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After reading the answers on Permanently delete files from a flash drive, where the top rated answer was simply to pulverize it with a hammer, I wondered whether a microwave could be used to the same effect.

I know microwaves induce currents in metallic objects, which act as antennae (Wikipedia), so this question can be divided into two parts:

1) Can an induced electric current in a flash storage device destroy data?

2) Is it plausible that the current induced in a domestic microwave oven would be sufficient to reliably destroy data stored on a flash device?

It has been suggested that microwaving may be an effective way to destroy a spinning hard disk (Destroy a hard drive without proper equipment [closed]), but is it plausible that the same method could be used to delete data on flash chips?

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On the other hand, pulverizing your flash drive with a hammer might give you a sore thumb, but it probably won't burn your house down. –  rakslice Dec 31 '11 at 10:33
Whenever I want to hide something small and valuable, I feed it to my Rottweiler. She keeps it safe for at least 5 hours. –  kobaltz Dec 31 '11 at 16:57
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1 Answer

up vote 12 down vote accepted

Yes, a microwave should be very effective at destroying the gates in a simple flash chip, unless the flash chip was "shielded" like a PCMIA type flash chunk or a SDD, in those situations it would probably destroy the controller, push power back into it well, and might not destroy everything.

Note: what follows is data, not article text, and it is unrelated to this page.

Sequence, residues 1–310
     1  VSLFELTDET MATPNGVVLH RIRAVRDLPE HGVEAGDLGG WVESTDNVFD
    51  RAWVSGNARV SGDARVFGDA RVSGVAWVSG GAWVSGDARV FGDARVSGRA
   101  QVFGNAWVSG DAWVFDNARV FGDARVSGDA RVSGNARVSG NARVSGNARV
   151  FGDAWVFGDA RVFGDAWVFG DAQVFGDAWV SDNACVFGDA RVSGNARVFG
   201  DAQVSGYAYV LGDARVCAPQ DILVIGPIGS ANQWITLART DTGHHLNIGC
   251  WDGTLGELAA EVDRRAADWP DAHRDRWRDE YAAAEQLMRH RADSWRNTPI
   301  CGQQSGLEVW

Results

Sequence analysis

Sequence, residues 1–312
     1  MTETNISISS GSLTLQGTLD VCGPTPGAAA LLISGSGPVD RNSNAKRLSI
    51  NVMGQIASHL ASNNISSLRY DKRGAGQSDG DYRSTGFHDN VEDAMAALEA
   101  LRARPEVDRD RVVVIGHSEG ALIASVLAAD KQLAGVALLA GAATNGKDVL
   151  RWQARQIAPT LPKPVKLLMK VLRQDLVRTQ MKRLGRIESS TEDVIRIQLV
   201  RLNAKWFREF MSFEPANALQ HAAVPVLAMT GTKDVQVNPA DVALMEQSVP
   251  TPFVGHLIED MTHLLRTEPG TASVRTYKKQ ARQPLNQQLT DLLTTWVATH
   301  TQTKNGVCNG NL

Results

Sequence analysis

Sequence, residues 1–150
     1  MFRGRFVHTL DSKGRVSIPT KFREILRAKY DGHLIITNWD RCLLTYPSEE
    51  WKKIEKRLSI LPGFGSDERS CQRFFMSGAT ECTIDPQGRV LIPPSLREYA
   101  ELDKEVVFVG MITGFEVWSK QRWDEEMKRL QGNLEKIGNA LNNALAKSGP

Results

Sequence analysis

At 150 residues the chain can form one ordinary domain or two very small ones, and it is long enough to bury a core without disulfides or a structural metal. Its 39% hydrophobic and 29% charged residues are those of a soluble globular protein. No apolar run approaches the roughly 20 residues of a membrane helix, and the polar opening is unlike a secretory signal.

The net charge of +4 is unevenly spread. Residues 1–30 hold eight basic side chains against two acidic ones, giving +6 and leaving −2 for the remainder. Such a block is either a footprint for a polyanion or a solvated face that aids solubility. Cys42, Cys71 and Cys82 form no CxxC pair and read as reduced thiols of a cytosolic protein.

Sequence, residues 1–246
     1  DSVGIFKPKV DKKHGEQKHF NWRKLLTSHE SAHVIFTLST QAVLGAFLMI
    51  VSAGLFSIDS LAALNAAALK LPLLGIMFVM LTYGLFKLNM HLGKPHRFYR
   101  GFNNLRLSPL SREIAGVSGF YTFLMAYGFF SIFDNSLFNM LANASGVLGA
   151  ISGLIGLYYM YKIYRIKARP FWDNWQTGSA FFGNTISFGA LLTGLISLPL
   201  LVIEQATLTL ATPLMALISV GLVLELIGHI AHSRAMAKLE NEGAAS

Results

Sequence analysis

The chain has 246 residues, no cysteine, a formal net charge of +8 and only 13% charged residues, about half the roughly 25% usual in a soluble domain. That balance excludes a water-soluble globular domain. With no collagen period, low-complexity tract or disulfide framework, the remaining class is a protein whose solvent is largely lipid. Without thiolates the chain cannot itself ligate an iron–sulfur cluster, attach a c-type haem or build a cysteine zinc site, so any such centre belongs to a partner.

Why? Both of those items can be effectively destroyed with a rock caveman style or a hammer for the more civilized individuals

What better location to find it already tried: USB Drive + Microwave 9seconds

SD flash drive in microwave http://www.youtube.com/watch?v=BVliHMvIOmY

The very popular http://www.youtube.com/show/isitagoodideatomicrowavethis?s=10 has microwaved many products with flash in them, but strangely enough, they havent done the flash card. (and probably need another episode)

More Data:

Remember that electromagnetic theory is not a fact, even if certain outcomes/examples are. With that said, here are 2 articles that discuss it. The first being more simple concentrated on electromagnetic specific, and the second going for the whole picture from end to end. And no I did not read all of them.

This is a bit different, and wouldn't be in "the Book":

Pics of the nand gates:

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Do you know the mechanism by which the gates in a flash chip are destroyed? –  James Womack Jan 8 '12 at 10:51
No, but I am thinking that is a pretty good follow-up question to the original. How do the electromagnetic waves turn into electrical arcs when meeting up with a metallic surfaces (like the surfaces of the gates). umm ??? because they are lots of energy to begin with??? –  Psycogeek Jan 8 '12 at 11:10
It has to do with electromagnetic (EM) waves effects on electrons. The EM waves make the electrons move according to its current polarity at any given place and time. When you have a spiky shape (like a wire, like logical gates), and that an EM wave affects its content of electrons, you can safely assume that, depending on the orientation of the waves (and probably many other things), at some point the wave will push a lot too many electron on the spike surface for it to be able to hold them all. At that point you have a jump of electrons from the spike to anything it can reach. –  M. Joanis Jan 8 '12 at 12:13
OK, that was a messy explanation, but I hope you get the idea. When you have a huge (for the small material) forced release of electrons, you get some impressive electrical current going on and afterwards notice the damages on the material (memory doesn't work anymore because everything burned/melted inside). –  M. Joanis Jan 8 '12 at 12:16
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